5 Ways Radioactivity Lights Up Your Life

The word radioactivity always seems to bring up a number of glowing concerns. But maybe it's time you got over your fears and warmed up to the idea. Here are some reasons to grin about radioactivity.

1. If You Aren't Radioactive, You Just Ain't Livin'

The carbon dioxide in the air contains one part in a trillion of radiocarbon, which is radioactive and produced by cosmic rays from space. Plants, of course, take in this carbon, so then they become radioactive. If you eat plants or animals that eat plants, then you become radioactive. But why is this important? When you die, the radiocarbon will begin to decay. In 5,730 years half the radiocarbon will be gone. In another 5,730 years half of that will be gone. Because scientists can measure the age of ancient bones by measuring how much of the radiocarbon is gone, if a bone is not measurably radioactive, it means that its owner has been dead at least 50,000 years.

2. Radioactivity Helps You Get Your Drink On

The most surprising thing isn't that the Bureau of Alcohol, Firearms, and Tobacco tests alcoholic beverages for radioactivity, but that it rejects any alcohol that doesn't show radiation as "unfit." What's the reason? Any alcohol that has zero radioactivity must have come from very old carbon, and that usually means the alcohol has been manufactured from fossil fuels. After burial for 100 million years, the radio-carbon in the original organisms decays, and Congress has decreed that such alcohol may not be legally consumed. The argument that it's unfit probably has more to do with politics than with science, since there's no scientific reason why fossil fuel alcohol would be any worse than alcohol from grapes.

3. The Hills Wouldn't Be So Alive


Mountains come from the collision of large tectonic plates on the surface of the earth. Nobody knows what makes these plates move, but a reasonable guess is that the very slow flow of rocks (if they go slowly enough, they behave like fluids) is driven by the heat of radioactivity in the earth's depths. So, if it weren't for the fabulous effects of radioactivity, the plates wouldn't have moved, and those hills Julie Andrews and the Von Trapp family were so eager to sing about would never have existed.

4. You Might Be Speaking French

This is also related to the movement of the plates, discussed in the previous paragraph. About 100 million years ago, Europe and North America were one continent. And if you look on a modern map, you can still see how the continents once fit together. But the flow of rock, possibly driven by radioactivity, sent the continents apart. As a result, we have Europe and the United States. Why should we be thankful for radioactivity? Well, without it, the United States and France would probably be next-door neighbors, and Paris would seem a whole lot less exotic.

5. Ain't No Sunshine When There's No Radioactivity

The sun is driven by a process called fusion, which is actually a series of reactions that requires short-lived radioactive intermediaries to undergo a kind of radioactivity called beta decay. Simply stated, without radioactivity, the fusion on the sun could not proceed, and the sun would have cooled off billions of years ago. Needless to say, without the sun, plants and animals wouldn't be here, and you probably wouldn't have that killer tan.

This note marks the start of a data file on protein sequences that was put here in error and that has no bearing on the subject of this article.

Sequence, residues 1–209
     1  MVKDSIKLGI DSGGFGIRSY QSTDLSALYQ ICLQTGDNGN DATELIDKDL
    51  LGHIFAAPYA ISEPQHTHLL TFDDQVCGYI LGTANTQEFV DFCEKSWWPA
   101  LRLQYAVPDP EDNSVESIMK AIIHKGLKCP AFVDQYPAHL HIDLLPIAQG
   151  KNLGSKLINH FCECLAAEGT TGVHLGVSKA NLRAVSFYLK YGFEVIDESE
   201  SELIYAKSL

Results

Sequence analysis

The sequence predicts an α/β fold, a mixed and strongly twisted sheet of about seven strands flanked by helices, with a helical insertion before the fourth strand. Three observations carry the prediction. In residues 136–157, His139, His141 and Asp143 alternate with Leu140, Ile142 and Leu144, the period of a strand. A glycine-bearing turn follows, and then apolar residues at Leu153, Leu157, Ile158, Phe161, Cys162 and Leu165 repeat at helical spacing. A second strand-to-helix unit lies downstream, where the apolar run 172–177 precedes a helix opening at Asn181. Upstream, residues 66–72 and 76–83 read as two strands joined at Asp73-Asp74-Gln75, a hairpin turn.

Ed note: This article was pulled from Condensed Knowledge.

Essential Science
What Is Infinity?

Albert Einstein famously said: “Two things are infinite: the universe and human stupidity. And I'm not sure about the universe.”

The notion of infinity has been pondered by the greatest minds over the ages, from Aristotle to German mathematician Georg Cantor. To most people today, it is something that is never-ending or has no limit. But if you really start to think about what that means, it might blow your mind. Is infinity just an abstract concept? Or can it exist in the real world?


Infinity is firmly rooted in mathematics. But according to Justin Moore, a math researcher at Cornell University in Ithaca, New York, even within the field there are slightly different uses of the word. “It's often referred to as a sort of virtual number at the end of the real number line,” he tells Mental Floss. “Or it can mean something too big to be counted by a whole number.”

There isn't just one type of infinity, either. Counting, for example, represents a type of infinity that is unbounded—what's known as a potential infinity. In theory, you can go on counting forever without ever reaching a largest number. However, infinity can be bounded, too, like the infinity symbol, for example. You can loop around it an unlimited number of times, but you must follow its contour—or boundary.

All infinities may not be equal, either. At the end of the 19th century, Cantor controversially proved that some collections of counting numbers are bigger than the counting numbers themselves. Since the counting numbers are already infinite, it means that some infinities are larger than others. He also showed that some types of infinities may be uncountable, as opposed to collections like the counting numbers.

"At the time, it was shocking—a real surprise," Oystein Linnebo, who researches philosophies of logic and mathematics at the University of Oslo, tells Mental Floss. "But over the course of a few decades, it got absorbed into mathematics."

Without infinity, many mathematical concepts would fall apart. The famous mathematical constant pi, for example, which is essential to many formulas involving the geometry of circles, spheres, and ellipses, is intrinsically linked to infinity. As an irrational number—a number that can't simply be expressed by a fraction—it's made up of an endless string of decimals.